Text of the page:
From the ICRC’s perspective it is crucial to have an informed discussion about the potential adverse effects of new technologies in light of their specific characteristics and their foreseeable humanitarian impact, as well as their implications for international humanitarian law.  This is to ensure they are not employed prematurely, in a manner where respect for international humanitarian law cannot be guaranteed.  This type of international discussion is well underway. 

In sum, with new means and methods of warfare the important question is not whether a given technology is ‘good’ or ‘bad’ in itself, but to consider the particular characteristics of the weapon, the circumstances of its use, and its compatibility with international law.

So called “non-lethal” weapons

The question of context is illustrated by the well-worn discussion about so called “non-lethal weapons”.  A range of old and new weapons technologies have been described and promoted collectively as “non-lethal weapons”.  However, it is misleading to characterise any weapon in terms of ‘lethality’ or ‘non-lethality’.  A hand gun can be used is a ‘non-lethal’ manner, for example by firing a warning shot in the air, just as a plastic bullet can kill at short range and ‘tear gas’ can kill in enclosed spaces.  The outcome of use of a weapon will be dependent on the characteristics of the particular weapon, the specific context of its use, and the individual vulnerabilities of the victim. 

In other words, for the purposes of international humanitarian law there are no new “non-lethal weapons”, only new weapons.  Each weapon, however it is labelled, must be assessed and reviewed individually to ensure its use would be compatible with international law. Generalisations are unhelpful as each weapon will have its own unique characteristic and injury mechanisms, which may vary from conventional ‘kinetic’ force to unconventional effects using chemicals, electricity, acoustic energy, and electromagnetic energy.

Furthermore, certain weapons may already be restricted or prohibited by internationally agreed treaties.  Sometimes the reasons for existing restrictions agreed by States may not be immediately apparent to the outside observer, but these become clear with further understanding of their origins.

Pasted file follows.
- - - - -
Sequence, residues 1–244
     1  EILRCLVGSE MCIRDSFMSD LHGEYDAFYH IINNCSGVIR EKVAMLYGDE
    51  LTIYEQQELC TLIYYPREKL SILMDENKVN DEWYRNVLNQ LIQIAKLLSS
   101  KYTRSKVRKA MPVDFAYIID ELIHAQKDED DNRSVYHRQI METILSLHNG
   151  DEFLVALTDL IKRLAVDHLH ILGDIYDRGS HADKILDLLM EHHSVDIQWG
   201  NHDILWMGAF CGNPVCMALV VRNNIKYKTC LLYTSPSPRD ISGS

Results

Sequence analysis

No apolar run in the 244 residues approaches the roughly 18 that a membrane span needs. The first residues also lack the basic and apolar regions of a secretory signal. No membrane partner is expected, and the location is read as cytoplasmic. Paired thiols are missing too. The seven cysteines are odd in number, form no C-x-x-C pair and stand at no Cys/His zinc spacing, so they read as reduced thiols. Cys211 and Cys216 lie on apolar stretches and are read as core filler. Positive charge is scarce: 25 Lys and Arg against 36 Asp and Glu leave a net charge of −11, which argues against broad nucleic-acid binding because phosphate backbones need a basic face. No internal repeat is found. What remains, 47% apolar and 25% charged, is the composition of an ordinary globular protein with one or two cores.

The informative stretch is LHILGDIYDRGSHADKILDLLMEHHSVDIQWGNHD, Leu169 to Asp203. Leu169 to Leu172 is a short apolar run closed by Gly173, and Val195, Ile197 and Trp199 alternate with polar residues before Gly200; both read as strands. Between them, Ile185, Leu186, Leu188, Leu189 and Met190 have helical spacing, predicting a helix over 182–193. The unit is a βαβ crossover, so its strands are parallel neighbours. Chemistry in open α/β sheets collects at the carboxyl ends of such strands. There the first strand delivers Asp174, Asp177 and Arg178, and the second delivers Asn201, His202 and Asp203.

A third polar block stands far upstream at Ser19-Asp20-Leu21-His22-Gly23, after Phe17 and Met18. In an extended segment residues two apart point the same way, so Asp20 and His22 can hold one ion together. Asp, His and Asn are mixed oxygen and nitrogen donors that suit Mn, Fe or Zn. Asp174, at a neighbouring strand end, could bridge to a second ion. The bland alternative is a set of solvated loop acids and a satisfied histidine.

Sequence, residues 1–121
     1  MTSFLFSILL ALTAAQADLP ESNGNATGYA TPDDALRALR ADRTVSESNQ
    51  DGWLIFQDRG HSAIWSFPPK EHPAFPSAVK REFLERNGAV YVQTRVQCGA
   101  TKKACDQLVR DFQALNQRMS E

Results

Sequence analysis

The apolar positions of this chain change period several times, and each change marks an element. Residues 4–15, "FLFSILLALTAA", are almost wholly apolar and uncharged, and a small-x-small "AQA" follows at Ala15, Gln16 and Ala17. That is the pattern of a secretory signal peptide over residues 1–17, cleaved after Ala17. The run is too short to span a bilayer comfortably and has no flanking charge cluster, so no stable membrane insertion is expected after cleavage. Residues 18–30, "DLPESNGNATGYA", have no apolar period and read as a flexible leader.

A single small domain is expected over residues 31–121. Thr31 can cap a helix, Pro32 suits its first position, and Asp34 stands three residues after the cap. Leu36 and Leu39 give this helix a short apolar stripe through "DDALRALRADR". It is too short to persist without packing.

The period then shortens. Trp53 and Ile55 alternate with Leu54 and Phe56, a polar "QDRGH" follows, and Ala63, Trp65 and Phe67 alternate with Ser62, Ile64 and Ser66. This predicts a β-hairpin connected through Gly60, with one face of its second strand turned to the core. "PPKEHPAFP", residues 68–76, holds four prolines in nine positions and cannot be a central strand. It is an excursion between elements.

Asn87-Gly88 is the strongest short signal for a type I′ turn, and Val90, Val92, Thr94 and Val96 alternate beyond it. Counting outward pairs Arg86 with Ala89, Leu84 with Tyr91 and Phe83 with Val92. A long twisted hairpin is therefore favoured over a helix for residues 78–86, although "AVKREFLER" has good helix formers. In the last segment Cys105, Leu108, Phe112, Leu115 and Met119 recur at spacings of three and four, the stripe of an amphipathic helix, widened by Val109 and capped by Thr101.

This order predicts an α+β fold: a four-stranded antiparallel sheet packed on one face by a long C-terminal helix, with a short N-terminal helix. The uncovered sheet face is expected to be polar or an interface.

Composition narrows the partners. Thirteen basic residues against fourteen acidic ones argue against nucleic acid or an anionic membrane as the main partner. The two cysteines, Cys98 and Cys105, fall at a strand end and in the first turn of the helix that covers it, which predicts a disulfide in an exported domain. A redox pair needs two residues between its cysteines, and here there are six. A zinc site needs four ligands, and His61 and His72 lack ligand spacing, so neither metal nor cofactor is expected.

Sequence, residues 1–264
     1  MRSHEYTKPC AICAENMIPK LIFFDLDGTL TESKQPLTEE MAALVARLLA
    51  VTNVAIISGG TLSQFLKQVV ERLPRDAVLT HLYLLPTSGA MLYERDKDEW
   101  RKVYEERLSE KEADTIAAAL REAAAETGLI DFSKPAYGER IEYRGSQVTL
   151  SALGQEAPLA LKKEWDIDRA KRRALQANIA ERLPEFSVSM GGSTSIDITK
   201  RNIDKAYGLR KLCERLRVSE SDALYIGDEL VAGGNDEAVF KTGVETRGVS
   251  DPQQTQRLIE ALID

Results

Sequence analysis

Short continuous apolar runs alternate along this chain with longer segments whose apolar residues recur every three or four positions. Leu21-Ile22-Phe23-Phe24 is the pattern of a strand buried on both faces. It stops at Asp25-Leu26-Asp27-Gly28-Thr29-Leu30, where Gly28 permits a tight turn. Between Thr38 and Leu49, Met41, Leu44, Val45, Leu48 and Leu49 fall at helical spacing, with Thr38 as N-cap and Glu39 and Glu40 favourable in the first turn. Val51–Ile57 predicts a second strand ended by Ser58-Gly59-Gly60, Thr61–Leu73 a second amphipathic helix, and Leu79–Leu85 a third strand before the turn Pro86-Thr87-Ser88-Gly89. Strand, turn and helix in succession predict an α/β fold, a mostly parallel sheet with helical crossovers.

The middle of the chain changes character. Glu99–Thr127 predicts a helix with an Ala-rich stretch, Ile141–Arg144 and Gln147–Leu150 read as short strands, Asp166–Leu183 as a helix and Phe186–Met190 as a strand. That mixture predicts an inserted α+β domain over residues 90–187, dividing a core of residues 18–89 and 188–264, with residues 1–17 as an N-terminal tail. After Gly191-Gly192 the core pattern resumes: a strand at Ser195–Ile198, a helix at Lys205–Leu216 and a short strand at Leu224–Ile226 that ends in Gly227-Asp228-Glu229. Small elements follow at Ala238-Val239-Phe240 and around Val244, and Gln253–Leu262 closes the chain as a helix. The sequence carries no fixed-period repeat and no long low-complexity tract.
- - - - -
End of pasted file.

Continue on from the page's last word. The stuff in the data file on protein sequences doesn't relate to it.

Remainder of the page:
The example of chemical riot control agents such as CS, CN and ‘pepper spray’, which are generally referred to collectively as ‘tear gas’, is a useful one.  When countries agreed to prohibit chemical weapons they recognised that they might still need to retain ‘tear gas’ for use in law enforcement.  However, they were concerned that ‘tear gas’ should never be used in armed conflict again for two main reasons.  

First is the risk of escalation to far more toxic chemical weapons.  The use of chemical weapons during the First World War began with the use of ‘tear gas’ by France.  In 1963, Egypt’s use of ‘tear gas’ in Yemen soon escalated to mustard gas.  And the extensive chemical warfare witnessed between Iran and Iraq during the 1980’s also began with the use of ‘tear gas’. 

The second reason is the risk that ‘tear gas’ might be used, not to limit the amount of force deployed, but to increase it.  Again, this is not a theoretical risk, but one that was demonstrated in widespread practice.

Indeed, it is a common misconception that weapons promoted as “non-lethal” will necessarily replace weapons seen to be more deadly.  In fact, history has shown that different types of weapons have often accompanied each other in armed conflict, with devastating consequences.

In any case, the solution for countries negotiating the Chemical Weapons Convention was to provide a specific definition of riot control agents, and to permit their use for law enforcement purposes while specifically prohibiting their use as a method of warfare.  

As new weapons emerge, however they are described and labelled, they must continue to be reviewed by countries in the same manner, based on their characteristics and their intended use, their compatibility with international law, regardless of any claim of “lethality” or “non-lethality”. 

Claims that the rules of international humanitarian law applying to weapons are out dated or static, or that they need to be re-written in the face of new technological developments, often betray a misunderstanding of their origins and their fundamental relevance despite technological and social change.  As the Spanish born, American educated philosopher George Santayana famously warned; ‘Those who cannot remember the past are condemned to repeat it’.